The government was wrong to require a graduate to leave her internship in a museum to stack shelves in a high street shop, a high court judge ruled today.

However, the government had not breached her human right to protection from slavery and forced labour, the judge also ruled.

The judgment, handed down today by Mr Justice Foskett, arose from a judicial review brought by Cait Reilly (pictured), first reported in the Gazette on 26 January.

The review challenged the Jobseeker’s Allowance (Employment, Skills and Enterprise Scheme) Regulations 2011 that had obliged her to leave vocational work experience for a government back-to-work scheme that offered no training or prospect of advancement.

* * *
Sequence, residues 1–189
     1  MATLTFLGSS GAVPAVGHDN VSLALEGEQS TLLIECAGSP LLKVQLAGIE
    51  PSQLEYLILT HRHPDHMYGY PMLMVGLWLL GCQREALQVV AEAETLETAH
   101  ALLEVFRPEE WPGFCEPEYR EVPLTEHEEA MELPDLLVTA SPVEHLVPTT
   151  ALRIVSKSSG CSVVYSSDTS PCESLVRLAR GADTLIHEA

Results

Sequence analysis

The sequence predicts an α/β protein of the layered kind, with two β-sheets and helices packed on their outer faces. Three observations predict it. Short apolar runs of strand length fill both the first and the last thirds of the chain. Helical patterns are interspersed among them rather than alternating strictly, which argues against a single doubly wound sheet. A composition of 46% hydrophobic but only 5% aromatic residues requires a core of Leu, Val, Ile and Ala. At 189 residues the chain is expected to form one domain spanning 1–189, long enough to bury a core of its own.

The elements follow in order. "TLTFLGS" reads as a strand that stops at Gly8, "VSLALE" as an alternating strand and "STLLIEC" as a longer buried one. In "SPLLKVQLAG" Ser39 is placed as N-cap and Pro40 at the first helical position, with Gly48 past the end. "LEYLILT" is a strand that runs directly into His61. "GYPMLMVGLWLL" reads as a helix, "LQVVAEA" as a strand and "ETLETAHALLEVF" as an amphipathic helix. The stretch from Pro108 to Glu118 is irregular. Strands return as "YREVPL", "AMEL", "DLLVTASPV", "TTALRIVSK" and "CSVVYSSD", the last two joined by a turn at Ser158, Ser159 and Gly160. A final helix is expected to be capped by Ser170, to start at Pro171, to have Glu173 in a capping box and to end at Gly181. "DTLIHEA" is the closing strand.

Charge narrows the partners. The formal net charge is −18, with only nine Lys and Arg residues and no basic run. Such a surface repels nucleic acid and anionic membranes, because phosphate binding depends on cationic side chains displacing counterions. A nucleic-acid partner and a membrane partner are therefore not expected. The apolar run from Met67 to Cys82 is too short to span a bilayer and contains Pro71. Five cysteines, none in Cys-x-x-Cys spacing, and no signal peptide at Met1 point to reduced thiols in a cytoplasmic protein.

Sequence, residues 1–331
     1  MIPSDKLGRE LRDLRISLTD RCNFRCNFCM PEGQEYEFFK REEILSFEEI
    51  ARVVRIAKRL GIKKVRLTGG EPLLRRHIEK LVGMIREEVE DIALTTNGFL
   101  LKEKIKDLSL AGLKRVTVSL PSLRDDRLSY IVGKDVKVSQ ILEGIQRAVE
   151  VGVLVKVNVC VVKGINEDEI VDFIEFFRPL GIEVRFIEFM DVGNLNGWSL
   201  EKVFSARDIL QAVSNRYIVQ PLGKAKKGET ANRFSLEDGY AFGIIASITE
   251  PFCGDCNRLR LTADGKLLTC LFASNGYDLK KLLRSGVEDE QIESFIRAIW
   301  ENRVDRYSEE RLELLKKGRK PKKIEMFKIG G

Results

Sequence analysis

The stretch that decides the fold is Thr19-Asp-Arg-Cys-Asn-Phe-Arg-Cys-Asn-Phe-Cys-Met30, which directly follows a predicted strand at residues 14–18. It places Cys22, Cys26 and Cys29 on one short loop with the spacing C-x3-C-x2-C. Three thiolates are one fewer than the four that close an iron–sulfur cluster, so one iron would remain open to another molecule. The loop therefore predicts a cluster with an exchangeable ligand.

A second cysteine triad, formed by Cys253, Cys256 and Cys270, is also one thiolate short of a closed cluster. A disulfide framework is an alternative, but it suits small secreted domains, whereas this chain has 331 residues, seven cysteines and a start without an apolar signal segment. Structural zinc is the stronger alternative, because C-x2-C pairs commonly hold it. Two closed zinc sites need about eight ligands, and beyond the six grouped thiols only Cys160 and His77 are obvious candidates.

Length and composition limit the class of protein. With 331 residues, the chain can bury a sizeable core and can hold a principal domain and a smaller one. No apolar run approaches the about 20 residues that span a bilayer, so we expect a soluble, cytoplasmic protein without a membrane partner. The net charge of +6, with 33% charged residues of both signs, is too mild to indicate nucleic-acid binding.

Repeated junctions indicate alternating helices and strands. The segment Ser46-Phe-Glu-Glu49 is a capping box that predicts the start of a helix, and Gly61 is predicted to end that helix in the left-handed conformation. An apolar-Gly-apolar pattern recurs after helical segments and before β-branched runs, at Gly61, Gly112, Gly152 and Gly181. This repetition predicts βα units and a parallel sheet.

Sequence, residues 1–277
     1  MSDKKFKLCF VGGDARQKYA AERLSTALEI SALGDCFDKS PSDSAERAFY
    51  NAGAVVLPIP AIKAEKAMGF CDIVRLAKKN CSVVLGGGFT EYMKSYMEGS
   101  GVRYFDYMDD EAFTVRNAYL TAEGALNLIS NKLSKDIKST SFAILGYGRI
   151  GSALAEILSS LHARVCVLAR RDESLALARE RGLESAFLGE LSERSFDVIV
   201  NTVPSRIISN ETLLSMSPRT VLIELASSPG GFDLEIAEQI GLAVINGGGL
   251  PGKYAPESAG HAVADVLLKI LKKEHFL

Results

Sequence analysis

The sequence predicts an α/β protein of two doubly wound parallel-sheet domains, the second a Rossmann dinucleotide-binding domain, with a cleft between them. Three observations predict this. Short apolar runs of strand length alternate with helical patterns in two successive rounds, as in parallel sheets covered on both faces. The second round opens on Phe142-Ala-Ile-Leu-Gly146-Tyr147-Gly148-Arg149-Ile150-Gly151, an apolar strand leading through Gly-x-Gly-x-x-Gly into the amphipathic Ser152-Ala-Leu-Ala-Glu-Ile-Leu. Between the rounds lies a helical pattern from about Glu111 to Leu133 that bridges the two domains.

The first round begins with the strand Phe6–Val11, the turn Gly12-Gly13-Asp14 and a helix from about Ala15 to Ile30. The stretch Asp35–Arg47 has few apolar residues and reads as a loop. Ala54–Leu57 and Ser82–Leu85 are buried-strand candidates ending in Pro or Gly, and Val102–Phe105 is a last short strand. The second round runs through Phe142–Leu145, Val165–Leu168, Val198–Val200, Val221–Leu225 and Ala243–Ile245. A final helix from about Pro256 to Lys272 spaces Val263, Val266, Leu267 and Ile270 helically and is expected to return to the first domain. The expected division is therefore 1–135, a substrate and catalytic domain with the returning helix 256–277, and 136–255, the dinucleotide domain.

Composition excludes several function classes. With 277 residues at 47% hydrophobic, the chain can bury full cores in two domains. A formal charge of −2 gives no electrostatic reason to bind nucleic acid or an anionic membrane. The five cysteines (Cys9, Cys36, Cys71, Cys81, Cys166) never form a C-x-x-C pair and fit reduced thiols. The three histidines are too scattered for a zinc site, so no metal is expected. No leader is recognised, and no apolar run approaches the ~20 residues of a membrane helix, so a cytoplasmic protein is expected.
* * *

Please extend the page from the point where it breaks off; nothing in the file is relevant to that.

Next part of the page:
Foskett found that the Department for Work and Pensions (DWP) had failed to comply with 4 (2) of the regulations, which required giving Reilly written details of the scheme, such as a start date, its duration and penalties for not participating.

This breach of the regulations meant the DWP had forfeited the power to require Reilly to take part in the scheme or to impose sanctions if she chose not to attend, Foskett ruled.

Foskett found, however, that the government work scheme had not breached article 4 of the European Convention on Human Rights that prohibits slavery and forced labour. The scheme, unlike slavery, was designed to help the unemployed to find employment and was ‘a very long way removed from the kind of colonial exploitation of labour that led to the formulation of article 4’, he said.